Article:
The Home and the Harvest
The calloused hands of a hard working man firmly grip a rough-hewn beam. Leathered by time, the man’s hands present a single portrait of the battle he has had with the ground for the vast majority of his entire life. He is a farmer, and his life’s work has been to break unyielding soil, to feed his family. With the harvest comes the need to plan for the future. Soon, the winter’s gale will sweep down the mountains, and the surrendered soil will once again grow hard and inhospitable. The man and his family will be forced to live on what he was able to bare during the fruitful season. It is with this reality in mind; the man sets to construct a modest structure to contain the harvest — a barn. The man knows that the heat of his animals will help to warm most of the areas that his family will venture to, and he also knows how important his harvest is to his family, so the man builds the barn as an outcropping from the family home. Soon the framework is given a facade and the modest family home as an adjoining doppelgänger. Though they are not identical, they each complement the other in perfect unison
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In Germany, and most of Europe at that, it was traditionally commonplace for the family home and family barn to be built together in a single or conjoining structure. There were many reasons for this, but the historicity and logic behind the 18th and 19th-century house barn extends beyond the scope of the article. What is important is that the family understood the importance that the barn meant to their livelihood, and so despite the smell or the lack of appeal, the barn was placed in the home.
In Genesis 6, we read the account of God telling Noah to construct a floating barn of sorts that is going to be used to sustain him, his family, and a plethora of animals through the coming storm. When we look at the design of the ark, we find that Noah and his family were never really able to escape the purpose of their vessel. Sure, there were living arraignments, and I’m certain that Noah’s wife made the rooms as homey as possible. Despite her decorating skills, no matter how many pictures she hung, they could not escape the bellow of elephants, the stench of pigs, and the reality that their home had become a vessel for something bigger than them.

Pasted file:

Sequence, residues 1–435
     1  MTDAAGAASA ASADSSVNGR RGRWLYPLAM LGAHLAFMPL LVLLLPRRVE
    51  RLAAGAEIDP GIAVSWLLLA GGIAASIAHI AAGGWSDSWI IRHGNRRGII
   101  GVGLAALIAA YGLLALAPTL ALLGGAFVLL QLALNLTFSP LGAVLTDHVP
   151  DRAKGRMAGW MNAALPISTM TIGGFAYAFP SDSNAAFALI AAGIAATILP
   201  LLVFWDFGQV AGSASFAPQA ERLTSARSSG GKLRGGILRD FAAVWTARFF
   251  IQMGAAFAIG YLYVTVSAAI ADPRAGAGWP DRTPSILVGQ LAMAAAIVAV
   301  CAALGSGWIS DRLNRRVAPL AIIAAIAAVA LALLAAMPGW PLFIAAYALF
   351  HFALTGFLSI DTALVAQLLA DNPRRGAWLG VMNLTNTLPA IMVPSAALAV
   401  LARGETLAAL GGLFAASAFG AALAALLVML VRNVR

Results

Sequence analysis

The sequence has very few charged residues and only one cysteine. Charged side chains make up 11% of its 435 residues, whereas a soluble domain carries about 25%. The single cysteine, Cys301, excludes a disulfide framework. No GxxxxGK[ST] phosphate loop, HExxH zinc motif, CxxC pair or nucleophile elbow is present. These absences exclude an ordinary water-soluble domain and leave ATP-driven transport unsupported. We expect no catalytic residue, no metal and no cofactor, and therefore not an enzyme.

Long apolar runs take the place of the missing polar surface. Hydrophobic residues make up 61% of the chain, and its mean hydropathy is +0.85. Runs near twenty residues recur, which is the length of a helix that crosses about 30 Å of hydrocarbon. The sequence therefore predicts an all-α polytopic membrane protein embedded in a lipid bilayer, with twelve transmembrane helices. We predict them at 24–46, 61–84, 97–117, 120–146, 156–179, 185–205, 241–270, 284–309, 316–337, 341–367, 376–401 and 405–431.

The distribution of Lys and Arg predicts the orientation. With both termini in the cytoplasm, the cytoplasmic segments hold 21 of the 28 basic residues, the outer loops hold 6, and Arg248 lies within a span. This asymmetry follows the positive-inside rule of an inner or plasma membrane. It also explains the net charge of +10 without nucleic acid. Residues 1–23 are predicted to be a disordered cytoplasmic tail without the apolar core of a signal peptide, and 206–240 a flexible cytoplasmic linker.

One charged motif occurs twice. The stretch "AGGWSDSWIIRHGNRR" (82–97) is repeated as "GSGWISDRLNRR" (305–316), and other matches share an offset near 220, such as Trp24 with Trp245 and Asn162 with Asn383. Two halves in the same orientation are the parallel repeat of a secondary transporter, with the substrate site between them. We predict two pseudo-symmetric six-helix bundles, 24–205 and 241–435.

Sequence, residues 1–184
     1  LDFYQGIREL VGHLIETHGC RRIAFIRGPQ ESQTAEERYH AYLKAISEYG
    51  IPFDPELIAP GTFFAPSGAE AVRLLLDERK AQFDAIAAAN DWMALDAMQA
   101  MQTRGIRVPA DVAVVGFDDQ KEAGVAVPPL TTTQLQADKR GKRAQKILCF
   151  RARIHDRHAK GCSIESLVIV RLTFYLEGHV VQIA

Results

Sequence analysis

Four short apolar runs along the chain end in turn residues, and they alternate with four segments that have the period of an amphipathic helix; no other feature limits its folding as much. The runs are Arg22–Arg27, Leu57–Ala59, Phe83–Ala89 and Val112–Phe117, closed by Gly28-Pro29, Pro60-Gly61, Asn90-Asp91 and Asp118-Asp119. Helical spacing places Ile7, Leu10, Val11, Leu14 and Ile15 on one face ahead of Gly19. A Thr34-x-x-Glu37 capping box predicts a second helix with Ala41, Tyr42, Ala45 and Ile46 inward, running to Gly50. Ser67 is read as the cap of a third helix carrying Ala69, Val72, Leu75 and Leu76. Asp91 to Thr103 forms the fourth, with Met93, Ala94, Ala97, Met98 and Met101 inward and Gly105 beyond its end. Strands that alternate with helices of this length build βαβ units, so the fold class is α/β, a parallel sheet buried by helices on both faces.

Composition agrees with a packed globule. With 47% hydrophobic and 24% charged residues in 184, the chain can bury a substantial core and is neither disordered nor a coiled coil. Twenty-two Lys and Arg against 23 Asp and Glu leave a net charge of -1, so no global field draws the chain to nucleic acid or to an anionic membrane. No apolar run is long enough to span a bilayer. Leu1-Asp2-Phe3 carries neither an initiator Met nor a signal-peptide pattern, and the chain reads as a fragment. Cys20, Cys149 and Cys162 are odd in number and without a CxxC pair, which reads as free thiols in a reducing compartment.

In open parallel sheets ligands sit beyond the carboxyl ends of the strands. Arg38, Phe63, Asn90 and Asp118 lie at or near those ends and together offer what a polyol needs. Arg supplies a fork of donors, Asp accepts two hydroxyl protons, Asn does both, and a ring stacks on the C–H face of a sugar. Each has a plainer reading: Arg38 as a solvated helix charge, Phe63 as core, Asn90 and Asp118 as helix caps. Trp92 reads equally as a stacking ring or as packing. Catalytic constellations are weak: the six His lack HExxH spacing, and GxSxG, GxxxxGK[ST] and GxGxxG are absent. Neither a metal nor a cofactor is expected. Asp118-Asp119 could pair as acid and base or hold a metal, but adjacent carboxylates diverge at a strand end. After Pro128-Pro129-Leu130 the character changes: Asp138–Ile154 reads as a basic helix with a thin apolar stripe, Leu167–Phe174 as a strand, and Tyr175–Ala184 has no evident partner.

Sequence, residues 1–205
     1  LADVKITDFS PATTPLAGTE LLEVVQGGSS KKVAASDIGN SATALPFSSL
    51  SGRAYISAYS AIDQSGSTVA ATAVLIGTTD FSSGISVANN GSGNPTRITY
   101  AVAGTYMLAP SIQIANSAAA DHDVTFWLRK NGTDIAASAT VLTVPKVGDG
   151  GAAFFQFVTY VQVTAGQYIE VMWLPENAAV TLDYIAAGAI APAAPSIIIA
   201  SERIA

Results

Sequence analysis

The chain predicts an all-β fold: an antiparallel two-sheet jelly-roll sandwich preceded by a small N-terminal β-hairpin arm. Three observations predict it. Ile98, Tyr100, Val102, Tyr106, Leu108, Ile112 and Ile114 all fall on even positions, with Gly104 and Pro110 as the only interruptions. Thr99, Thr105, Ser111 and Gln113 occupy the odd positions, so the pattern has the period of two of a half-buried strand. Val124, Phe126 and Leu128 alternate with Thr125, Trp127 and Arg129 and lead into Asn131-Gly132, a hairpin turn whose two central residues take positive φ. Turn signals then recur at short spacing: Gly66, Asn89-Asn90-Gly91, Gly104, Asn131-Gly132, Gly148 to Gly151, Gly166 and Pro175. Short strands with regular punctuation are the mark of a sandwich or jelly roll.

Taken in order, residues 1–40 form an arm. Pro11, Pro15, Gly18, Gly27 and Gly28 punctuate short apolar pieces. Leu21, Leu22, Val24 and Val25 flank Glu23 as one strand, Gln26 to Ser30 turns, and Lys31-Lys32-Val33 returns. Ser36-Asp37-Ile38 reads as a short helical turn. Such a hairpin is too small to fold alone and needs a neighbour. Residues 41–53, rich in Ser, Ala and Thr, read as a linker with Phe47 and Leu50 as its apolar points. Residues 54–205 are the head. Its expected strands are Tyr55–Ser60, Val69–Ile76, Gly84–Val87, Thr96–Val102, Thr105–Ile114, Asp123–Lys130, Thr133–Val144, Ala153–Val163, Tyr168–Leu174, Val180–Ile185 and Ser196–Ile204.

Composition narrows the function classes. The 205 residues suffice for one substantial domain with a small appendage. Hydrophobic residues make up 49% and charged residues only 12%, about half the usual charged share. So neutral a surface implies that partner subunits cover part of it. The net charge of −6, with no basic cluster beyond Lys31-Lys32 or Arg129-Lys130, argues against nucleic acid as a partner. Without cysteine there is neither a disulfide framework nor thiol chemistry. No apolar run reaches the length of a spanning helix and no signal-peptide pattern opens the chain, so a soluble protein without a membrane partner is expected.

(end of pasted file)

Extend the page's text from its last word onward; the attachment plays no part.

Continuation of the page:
In Acts 16, we read the account of a wealthy businesses woman from Thyatira who hears the preaching of Paul is a baptized. Lydia is passionate about the Gospel that is being preached by the Apostles, and opens up her home for meetings. Acts 16:40 notes that when Paul and Silas were freed from prison, the first place they go is the house of Lydia. The home of Lydia had become a headquarters for the early church in Philippi. Most Biblical scholars agree that her home was the central meeting place of the early beginnings of the church at Philippi.
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As I bring this short post to some form of a close, my general point is that your home matters. It was the home of Noah that became a vessel of life; the home of Lydia became a meeting place of the Early Church. In World War II Germany, homes were used to hide away Jews. In the Jim Crow South of the Civil War, homes were used to hide away escaped slaves. The Azusa Street revival that sparked the rise of the modern Pentecostal movement stemmed from a home prayer meeting. In fact, there are only a few accounts in the Gospels of Jesus going to the synagogue, but there are a plethora of him going to private homes: Peter’s house (Matthew 8:14), the home of the wedding feast (John 2), Matthew’s house (Matthew 9:10), Simon the Pharisee (Luke 7:36-50), the home of Jarius (Mark 5:21-43), a home in Tyre and Sidon (Mark 7:24), the home of Mary and Martha (Luke 10:38-42), he was the gust of an unnamed Pharisee (Luke 11:37-52), the house of the Ruler of the Pharisees (Luke 14:1-24), the home of Zacchaeus (Luke 19:1-10), a home in Bethany (John 12:1-8), the upper room in Jerusalem (Mk. 14:12-25), the house of Caiaphas (Matthew 26:57-27:1), the house of Pilate (John 18:28-38), the house of Herod Antipas (Luke 23:6-12)… and this is not an exhaustive list. So, the fact remains that Jesus went to a lot of homes. Jesus was not interested in formal religiosity, but personal relationship. He did not wait for sinners to flock to the synagogue, but met sinner and follower alike in the comfort of their private homes. What about your home today? Are the doors of your home open to a move of the Holy Ghost?
It is not my intention to belabor the point, but the fact remains that the home is a vital element in the work of God. We call the church the House of God, but what about our private homes? Throughout history, homes have been used to save both lives and souls. So, how might we better use our homes to serve the Lord? Maybe a small, home prayer meeting? Home Bible study? A dinner? Opening your home up to someone in need? There’s a harvest in your home!